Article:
Home > Financial Aid > Financial Aid Tips > Mistakes When Completing the FAFSA

Mistakes When Completing the FAFSA

The most important step in the financial aid process is filling out your FAFSA, which determines your eligibility for financial aid from your intended college and the federal government. Most students don’t pay for college out-of-pocket, so pay close attention to the directions on the FAFSA because mistakes will delay your application. Although you can correct errors once you get your Student Aid Report (SAR), those mistakes will shorten your timeline and cause you to miss college financial aid deadlines.

Fill out the FAFSA as soon as it’s available January 1st to avoid last-minute hassles and common mistakes before sending in your financial aid application. To get the fastest results, apply online. The online FAFSA catches mistakes, and provides worksheets to avoid any tax-related mistakes. See our list of ways to avoid making common mistakes when completing the FAFSA so that your application, and your financial aid, won’t be delayed.

  1. Verify your Social Security number. Your SSN is the most important identifying information on your application.
  2. Sign and date the form. Both the student and a parent for a dependent student must sign. If you file the FAFSA online, print, sign, and mail the signature page once you’ve completed the application.
  3. Complete the entire form. List the net worth of your assets as of the day you complete the FAFSA. If your answer to some questions is zero, write "0". Do not leave any answer blank. Also, do not skip the “drug convictions” questions.
  4. Do not leave the fields on earnedincome blank. Report the wages, salaries, and tips earned from the students’ work and each parent if the student is dependent. Report the wages, salaries, and tips earned from work for the student and spouse if the student is independent. Income is not counted twice. Income determines your allowance for Social Security tax payments and a special allowance for families where both parents are employed or the student and spouse are employed.
  5. Report income tax, which is determined by the tax tables on the income tax form. Do not report the amount withheld by your employer as shown on your W-2 form.
  6. Report the correct number of people who live in your household or attend school. If you are a dependent student, report only the people who live with your parents and receive more than half of their support from your parents. If you are an independent student, report only the people living in your household receive more than half of their support from you. To be included in the number of people listed in school on your FAFSA, your sibling(s), spouse and/or children must be attending at least six hours in one term, and working towards a degree from a college that participates in federal financial aid programs. Parents are excluded from that number.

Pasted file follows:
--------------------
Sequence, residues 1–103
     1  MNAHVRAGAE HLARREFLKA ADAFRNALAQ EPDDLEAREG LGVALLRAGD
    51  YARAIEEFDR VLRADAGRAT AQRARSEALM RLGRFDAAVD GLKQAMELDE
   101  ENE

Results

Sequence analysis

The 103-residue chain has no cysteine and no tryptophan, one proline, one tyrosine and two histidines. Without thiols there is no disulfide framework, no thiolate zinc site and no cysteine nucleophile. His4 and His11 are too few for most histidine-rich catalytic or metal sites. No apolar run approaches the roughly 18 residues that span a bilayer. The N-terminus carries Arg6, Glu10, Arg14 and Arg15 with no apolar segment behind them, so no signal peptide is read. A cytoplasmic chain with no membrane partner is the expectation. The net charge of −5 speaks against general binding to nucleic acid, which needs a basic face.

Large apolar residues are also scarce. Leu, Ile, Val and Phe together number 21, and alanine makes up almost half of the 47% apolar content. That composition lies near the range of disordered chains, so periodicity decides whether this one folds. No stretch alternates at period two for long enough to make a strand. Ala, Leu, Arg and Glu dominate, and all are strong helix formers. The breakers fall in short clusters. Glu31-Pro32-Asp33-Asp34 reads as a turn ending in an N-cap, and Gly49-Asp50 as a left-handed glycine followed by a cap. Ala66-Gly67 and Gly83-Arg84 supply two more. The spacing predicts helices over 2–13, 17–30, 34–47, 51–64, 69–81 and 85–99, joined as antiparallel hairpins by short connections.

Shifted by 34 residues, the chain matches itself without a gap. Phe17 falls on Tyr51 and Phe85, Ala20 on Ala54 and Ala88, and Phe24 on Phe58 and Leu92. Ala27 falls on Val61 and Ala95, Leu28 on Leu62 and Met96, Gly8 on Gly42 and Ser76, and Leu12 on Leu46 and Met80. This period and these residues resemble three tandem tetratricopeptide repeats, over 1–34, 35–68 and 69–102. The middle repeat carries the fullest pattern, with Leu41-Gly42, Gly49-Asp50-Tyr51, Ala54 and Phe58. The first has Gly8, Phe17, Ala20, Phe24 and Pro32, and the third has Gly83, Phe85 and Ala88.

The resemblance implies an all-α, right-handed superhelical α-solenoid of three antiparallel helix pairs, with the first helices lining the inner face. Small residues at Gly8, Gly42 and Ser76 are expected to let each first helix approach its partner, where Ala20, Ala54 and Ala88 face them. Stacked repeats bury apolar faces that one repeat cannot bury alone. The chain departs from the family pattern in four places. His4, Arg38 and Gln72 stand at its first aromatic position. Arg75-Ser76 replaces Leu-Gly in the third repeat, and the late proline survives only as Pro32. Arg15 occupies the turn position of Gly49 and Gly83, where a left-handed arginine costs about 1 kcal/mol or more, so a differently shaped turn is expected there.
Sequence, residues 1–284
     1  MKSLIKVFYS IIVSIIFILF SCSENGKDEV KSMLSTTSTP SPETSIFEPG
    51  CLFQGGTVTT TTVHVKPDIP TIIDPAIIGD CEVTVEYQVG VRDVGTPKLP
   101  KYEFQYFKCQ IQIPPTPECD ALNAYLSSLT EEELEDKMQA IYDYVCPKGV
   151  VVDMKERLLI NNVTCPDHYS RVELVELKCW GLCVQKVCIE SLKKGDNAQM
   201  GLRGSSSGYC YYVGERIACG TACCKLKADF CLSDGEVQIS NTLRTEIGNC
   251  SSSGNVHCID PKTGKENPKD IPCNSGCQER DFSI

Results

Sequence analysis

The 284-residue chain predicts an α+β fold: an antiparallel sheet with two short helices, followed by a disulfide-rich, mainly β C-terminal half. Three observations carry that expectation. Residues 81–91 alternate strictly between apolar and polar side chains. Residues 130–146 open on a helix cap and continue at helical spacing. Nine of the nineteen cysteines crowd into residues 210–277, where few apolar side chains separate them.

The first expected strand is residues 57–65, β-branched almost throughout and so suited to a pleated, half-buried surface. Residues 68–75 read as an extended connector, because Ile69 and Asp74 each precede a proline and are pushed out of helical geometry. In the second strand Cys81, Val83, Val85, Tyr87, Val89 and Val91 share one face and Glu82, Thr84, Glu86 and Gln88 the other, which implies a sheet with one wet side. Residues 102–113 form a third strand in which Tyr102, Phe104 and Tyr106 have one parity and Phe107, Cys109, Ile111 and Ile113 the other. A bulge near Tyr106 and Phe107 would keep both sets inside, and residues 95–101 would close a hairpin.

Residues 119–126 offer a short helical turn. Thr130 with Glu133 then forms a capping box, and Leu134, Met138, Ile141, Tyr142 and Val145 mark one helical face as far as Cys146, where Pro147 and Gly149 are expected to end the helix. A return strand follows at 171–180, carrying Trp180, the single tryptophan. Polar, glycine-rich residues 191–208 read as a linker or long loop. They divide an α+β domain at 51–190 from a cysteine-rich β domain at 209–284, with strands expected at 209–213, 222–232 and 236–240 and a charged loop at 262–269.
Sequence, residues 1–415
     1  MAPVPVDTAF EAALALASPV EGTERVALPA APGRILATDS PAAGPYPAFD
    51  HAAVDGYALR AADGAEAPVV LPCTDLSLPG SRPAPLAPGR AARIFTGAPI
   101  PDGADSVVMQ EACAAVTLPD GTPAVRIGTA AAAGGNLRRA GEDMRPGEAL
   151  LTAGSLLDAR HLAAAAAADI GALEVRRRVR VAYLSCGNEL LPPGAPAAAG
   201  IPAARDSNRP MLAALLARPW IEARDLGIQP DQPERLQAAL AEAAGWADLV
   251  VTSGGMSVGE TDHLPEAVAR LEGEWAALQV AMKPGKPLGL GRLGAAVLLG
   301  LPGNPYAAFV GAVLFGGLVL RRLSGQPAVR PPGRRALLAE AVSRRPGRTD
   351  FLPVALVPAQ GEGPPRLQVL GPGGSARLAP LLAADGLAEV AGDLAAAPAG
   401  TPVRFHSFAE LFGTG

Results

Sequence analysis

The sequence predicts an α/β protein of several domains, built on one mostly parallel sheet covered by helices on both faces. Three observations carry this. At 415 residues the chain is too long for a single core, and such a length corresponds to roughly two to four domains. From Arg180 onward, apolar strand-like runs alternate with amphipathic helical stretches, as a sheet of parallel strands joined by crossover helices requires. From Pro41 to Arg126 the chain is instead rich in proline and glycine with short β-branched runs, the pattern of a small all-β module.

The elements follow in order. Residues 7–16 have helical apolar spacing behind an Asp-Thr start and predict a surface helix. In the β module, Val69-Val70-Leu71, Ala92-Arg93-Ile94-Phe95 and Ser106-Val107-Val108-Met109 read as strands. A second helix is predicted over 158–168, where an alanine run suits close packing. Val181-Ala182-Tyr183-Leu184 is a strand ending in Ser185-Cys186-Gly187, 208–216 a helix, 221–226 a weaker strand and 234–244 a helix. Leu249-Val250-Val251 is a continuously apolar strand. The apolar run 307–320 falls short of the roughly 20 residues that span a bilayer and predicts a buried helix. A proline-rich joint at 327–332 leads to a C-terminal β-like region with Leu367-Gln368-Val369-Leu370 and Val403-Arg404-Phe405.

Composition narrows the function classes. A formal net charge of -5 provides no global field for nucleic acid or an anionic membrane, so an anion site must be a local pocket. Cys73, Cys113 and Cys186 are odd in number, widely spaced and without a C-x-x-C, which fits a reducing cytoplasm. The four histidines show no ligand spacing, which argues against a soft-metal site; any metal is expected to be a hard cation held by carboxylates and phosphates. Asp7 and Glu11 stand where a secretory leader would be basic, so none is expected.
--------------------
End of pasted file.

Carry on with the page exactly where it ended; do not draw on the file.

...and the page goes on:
7. Verify your Federal School Code so that you’re sending your financial aid information to the right colleges.
  8. Answer "no" to graduate student status if you’re not working toward your second degree.
  9. List the current marital status of your custodial parent, the parent you reside with and whose information is listed on the FAFSA, even if they are divorced or remarried.
  10. Use your permanent mailing address on the application, not your campus or summer address

Latest College & Financial Aid News

Ciara Levels Up, Headed to Harvard Business School

May 21, 2019

by Susan Dutca-Lovell

Ciara will soon "one, two step" in the halls of Harvard University's prestigious Business School according to her latest Instagram post in which she shared the good news of being accepted into the Business of Entertainment, Media and Sports program while donning a Harvard sweatshirt. The $10,000 program, which spans over the course of three days is open to talent and individuals active in the entertainment industry, according to Harvard Business School's website. [...]

Graduating Grandma Garners Top Honor of Valedictorian

May 14, 2019

by Susan Dutca-Lovell

For a 72-year-old grandmother, graduating from college with a bachelor's degree from The University of New Mexico was "better late than never." To top that off, Rigina Wright also graduated at the top of her class as Valedictorian with a 4.067 GPA. [...]

Protest at Johns Hopkins U Over Proposed Private Police Force

May 7, 2019

by Susan Dutca-Lovell

Photo courtesy of The Baltimore Sun.

Student at Johns Hopkins University have staged a month-long sit-in at Garland Hall, JHU’s main administrative building, to protest the university's plans for a private police force, which was recently approved by the Maryland General Assembly. The university has had to suspend financial aid, disability, academic advising, and international services due to the protest's complete blockage. The protesting students are also demanding that JHU cancel its contracts with Immigration and Customs Enforcement (ICE) and eight students even chained themselves to Garland Hall. [...]

Last Reviewed: May 2019